This method is often traditionally called “red cooking,” due to the red tinge pork can get when roasted, which is naturally enhanced by soy sauce. Unfortunately, many recipes include red food coloring, one actually called for 1/2 a cup! imagine what that would do to your insides. skip the food coloring, it’s nasty and adds no flavor!
If you parboil the meat first and then dry, it helps develop a shiny glaze. In researching Chinese cooking in general, I’ve found this is a trick to getting crispy skin on roast meats, like suckling pig and Peking Duck. Many recipes suggested marinating the meat first, I like this technique better.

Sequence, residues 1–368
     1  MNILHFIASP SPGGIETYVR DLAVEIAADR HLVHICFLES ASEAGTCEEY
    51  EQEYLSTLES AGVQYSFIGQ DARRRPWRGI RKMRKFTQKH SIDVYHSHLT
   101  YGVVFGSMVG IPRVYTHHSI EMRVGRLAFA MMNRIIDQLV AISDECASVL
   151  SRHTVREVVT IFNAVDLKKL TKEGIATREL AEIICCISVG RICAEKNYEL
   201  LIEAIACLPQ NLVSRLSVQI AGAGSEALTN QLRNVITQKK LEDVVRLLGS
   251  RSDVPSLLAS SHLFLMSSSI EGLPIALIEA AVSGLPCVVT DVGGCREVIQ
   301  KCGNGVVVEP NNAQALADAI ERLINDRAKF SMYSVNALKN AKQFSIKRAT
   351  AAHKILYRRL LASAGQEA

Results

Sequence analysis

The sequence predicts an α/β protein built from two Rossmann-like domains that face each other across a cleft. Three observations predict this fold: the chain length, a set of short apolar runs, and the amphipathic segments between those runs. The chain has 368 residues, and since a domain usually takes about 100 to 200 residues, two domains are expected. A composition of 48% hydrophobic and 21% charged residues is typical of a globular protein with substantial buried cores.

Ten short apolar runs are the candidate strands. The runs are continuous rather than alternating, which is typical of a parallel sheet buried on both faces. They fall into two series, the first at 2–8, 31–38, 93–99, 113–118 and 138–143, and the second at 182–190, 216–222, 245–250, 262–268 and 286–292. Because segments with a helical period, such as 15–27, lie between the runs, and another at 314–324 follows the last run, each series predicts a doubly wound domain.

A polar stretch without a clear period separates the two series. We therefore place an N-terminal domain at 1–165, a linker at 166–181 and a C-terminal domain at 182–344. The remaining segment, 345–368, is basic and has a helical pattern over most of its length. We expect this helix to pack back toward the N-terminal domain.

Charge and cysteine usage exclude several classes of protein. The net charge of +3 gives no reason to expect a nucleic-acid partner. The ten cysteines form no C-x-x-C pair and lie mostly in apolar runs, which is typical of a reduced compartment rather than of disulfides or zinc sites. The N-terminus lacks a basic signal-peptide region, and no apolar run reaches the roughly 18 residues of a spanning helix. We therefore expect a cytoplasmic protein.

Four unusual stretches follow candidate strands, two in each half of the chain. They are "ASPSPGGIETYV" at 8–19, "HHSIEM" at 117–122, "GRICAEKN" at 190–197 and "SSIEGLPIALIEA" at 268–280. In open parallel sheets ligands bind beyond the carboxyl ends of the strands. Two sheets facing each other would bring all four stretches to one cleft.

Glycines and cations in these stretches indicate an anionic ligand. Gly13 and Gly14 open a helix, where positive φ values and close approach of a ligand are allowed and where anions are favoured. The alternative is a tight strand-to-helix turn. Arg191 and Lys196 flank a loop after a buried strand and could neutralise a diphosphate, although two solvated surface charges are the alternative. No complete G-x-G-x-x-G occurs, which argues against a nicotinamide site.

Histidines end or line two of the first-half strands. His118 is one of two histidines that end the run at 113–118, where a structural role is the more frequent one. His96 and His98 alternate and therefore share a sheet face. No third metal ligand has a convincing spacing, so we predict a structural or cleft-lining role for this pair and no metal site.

Try kicking up the quantity of five spice powder and the other spices.
You can make the sauce in advance, even in quantities, and keep it in the fridge to put on other dishes.
Use a meat thermometer to roast the pork. Take out at 145 degrees, this results in a much more tender and moist version.